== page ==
Death, taxes, and LaVar Ball getting under the skin of just about everyone.
Those are just a few sad certain realities in today’s world. One of the most outspoken and controversial figures in the world of sports, LaVar Ball never hesitates to speak his mind, consequences be damned. With his eldest son Lonzo and the rest of the Los Angeles Lakers roster struggling, LaVar decided to drop another hot take, saying that the team doesn’t want to play for coach Luke Walton any longer.
“You can see they’re not playing for Luke no more,” Ball said. “Luke doesn’t have control of the team no more. They don’t want to play for him.”
This prompted a reaction from former Detroit Pistons and current Dallas Mavericks head coach Rick Carlisle, who quickly jumped to Walton’s defense while criticizing ESPN for publishing Ball’s remarks.
“ESPN is an NBA partner, and they’ve been a great one,” Carlisle said. “But part of that partnership is that the coaches do a lot of things to help them with access, interviews and all those kinds of things. And in exchange for that, they should back up the coaches.”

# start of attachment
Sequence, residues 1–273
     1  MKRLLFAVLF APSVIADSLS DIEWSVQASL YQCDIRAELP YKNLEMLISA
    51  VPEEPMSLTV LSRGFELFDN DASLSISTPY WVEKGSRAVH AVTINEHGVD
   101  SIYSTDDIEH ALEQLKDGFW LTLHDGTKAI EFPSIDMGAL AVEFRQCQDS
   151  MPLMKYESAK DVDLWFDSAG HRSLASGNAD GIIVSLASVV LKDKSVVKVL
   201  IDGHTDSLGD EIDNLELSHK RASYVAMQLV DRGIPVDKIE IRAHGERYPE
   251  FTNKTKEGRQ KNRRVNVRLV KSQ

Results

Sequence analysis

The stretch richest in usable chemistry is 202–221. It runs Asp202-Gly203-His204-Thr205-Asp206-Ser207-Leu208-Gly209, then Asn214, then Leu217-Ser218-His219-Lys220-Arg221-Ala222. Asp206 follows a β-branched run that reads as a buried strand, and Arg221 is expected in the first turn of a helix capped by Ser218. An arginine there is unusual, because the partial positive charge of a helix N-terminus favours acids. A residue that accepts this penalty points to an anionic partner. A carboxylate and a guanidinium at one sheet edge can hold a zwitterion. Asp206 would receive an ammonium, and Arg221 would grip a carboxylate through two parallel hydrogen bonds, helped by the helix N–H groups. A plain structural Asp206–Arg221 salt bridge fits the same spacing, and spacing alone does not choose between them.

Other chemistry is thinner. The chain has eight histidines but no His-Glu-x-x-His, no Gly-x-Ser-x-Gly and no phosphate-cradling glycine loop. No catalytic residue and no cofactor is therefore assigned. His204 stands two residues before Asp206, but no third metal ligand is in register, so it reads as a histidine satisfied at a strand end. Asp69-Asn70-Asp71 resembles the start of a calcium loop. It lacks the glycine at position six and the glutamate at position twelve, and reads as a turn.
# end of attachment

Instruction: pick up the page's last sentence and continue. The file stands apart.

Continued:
Not one to be shy to speak his mind, current Pistons head coach Stan Van Gundy also weighed in, and echoed Carlisle’s sentiments.
“I thought it was a cheap shot and I thought ESPN showed total disrespect,”” Van Gundy said on Monday. “I don’t have a problem with LaVar Ball. He’s a grown man. He can voice whatever opinion he wants. I got a problem with ESPN deciding that’s a story.”
As a more measured response to ESPN, Van Gundy contacted both NBA commissioner Adam Silver and the NBAPA, saying he won’t be participating in the extra access given to TV when ESPN airs Detroit’s January 19 game against the Washington Wizards.
“I’m not meeting with their announcing crew before the game, I’m not doing the in-game interview,” Van Gundy said. “I’m not going to participate in the thing.”
“I’m not denying them access. I’m not kicking them out of press conferences,” he continued. “They want extra stuff from us and they’re going to treat an NBA coach with that little respect? Then I’m going to choose not to give them extra access.”
He went on to emphasize that while there isn’t anything wrong with criticizing NBA head coaches, he took special umbrage at what he took as an unnecessary platform being given to Ball.
“I don’t think there’s anything wrong with you guys criticizing coaches,” Van Gundy said. “You guys cover the team. You’re paid in part to analyze what’s going on. I’ve never had an issue with anybody’s who’s criticized me.”